Projects I’ve worked on

Inclusively-Designed Sensory Extensions for STEM Inquiry Learning

In collaboration with:

Emily B. Moore (P.I.), Director of Research and Accessibility, PhET Interactive Simulations

Ann Eisenberg (Co-P.I), Director of Craft Technology Lab

PhET Interactive Simulations


NSF award number: 2119303

This project investigates innovative sensory extension device technologies to create learning materials that are accessible and enable diverse learners to use multiple modalities in science and mathematics learning. The new technologies will be designed, crafted, customized, and personalized by STEM learners with diverse needs. Humans think and communicate using multiple sensory modalities, including sight, sound, gesture, movement, and touch. Most science and mathematics learning materials convey information visually, with displays such as diagrams and simulations, resulting in learning experiences with limited sensory engagement. For many learners with visual or print-related disabilities, visual learning materials are inaccessible. Even for others, these materials constrain learning opportunities. Sensory extension incorporates materials and devices to enable new or enhanced perceptions of real or virtual environments. Familiar sensory extension devices include eyeglasses (refractive lenses improve vision), and Geiger counters (auditory perception of radioactive decay). In an inclusive co-design process, the project team will partner with diverse members of the learning community, together co-designing flexible, adaptive, and personalizable technologies, which enable new sensory experiences (e.g., sound, gesture, movement, and touch) to augment popular and widely used interactive simulation learning tools. The project team brings together experts in educational technologies at the University of Colorado Boulder (PhET Interactive Simulations and the Craft Tech Lab) and partner organizations serving youth with learning disabilities and visual impairments.


In collaboration with:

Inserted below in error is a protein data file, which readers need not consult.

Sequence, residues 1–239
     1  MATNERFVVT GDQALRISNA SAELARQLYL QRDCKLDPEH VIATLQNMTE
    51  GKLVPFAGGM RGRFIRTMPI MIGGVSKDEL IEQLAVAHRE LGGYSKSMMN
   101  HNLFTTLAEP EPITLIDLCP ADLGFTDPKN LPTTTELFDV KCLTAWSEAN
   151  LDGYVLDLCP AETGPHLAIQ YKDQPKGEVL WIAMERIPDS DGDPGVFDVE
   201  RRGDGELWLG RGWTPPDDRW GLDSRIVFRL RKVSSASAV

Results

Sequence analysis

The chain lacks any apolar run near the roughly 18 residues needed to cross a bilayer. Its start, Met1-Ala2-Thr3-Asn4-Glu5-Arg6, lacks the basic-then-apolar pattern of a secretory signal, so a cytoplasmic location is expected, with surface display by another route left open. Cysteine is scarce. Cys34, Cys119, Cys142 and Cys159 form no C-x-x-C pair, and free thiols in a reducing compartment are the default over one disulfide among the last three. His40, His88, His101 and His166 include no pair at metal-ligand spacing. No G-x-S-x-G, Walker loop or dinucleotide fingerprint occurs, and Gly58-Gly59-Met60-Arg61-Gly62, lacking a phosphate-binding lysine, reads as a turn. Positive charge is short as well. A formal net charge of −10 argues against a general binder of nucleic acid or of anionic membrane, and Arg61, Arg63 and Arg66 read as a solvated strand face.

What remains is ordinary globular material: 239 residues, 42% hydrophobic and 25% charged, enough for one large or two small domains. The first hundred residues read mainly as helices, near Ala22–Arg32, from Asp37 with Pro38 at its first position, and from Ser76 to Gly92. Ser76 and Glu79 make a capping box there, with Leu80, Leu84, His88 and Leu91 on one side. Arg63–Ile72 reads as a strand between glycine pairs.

Mary Etta West,  University of Colorado, Boulder – Computer Science
Netta Ofer, University of Colorado, Boulder – ATLAS Institute
Casey Hunt, University of Colorado, Boulder – ATLAS Institute
Sandra Bae, University of Colorado, Boulder – ATLAS Institute

Cyborg Crafts is a student-organized collaborative group comprised of five graduate students at the University of Colorado Boulder’s ATLAS Institute. Our group explores both what’s on our minds and in our bodies. This approach challenges us to explore and integrate what are often seen as opposing themes: synthetic/organic, research/maker and craft/engineering. Cyborg Crafts’ researchers are committed to developing open-source, accessible projects to promote human augmentation. We take a craft approach to design, and our focus is on easily sourced materials and replicable documentation. All of this translates to hackable projects that can be enjoyed by both novice and experienced engineers.


Collaborative Research: Debugging by Design: Developing a Tool Set for Debugging with Electronic Textiles to Promote Computational and Engineering Thinking in High School.

CU Boulder PIs:  Ann Eisenberg/Mark Gross
CU Boulder research team:  Michael J. Schneider,  Christian Hill,  Arielle Blum, Ethan Frier, Rona Sadan

In collaboration with:
Yasmin Kafai,  University of Pennsylvania
Debbie Fields,  Utah State University

NSF award number: 1742081

We are developing hardware and software tools to assist in the process of “debugging” e-textile circuits.  E-textile debugging presents a unique set of constraints due to the flexible and fabric-based nature of project materials.  In collaboration with teams headed by Yasmin Kafai (U. Pennsylvania) and Deborah Fields (Utah State University), we study the way that students use these tools to debug their textile projects, their cognitive models of e-textile troubleshooting, and the educational implications of these activities.

Pet Project

NSF award number: 1736051

Pet Project will design, implement and study a series of inquiry-rich activities in which students’ curiosities—and their affection for their pets—lead them to design and conduct investigations into pet behavior and biology. Students will make heavy use of physical computing, including a new genre of educational technology—wearable devices for trans-species sensation such as modified headphones combined with augmented reality headsets that enable students to hear sounds and see colors like a dog. Goals for the project: Engage students in data science, physical computing, writing code and otther STEM fields. Enable students to better empathize with, and care for, their pets. Invite more students into STEM fields by engaging them in a fun and relevant science project that frequently touches on the topic of empathy, thereby countering stereotypical ideas of science as being emotionally remote and joyless.


NASA SUITS (Spacesuit User Interface Technologies for Students) challenges students to design and create spacesuit information displays within augmented reality (AR) environments. As NASA pursues Artemis – landing American astronauts on the Moon by 2024, the agency will accelerate investing in surface architecture and technology development. For exploration, it is essential that crewmembers on spacewalks are equipped with the appropriate human-autonomy enabling technologies necessary for the elevated demands of lunar surface exploration and extreme terrestrial access. The SUITS 2020 Challenges target key aspects of the Artemis mission.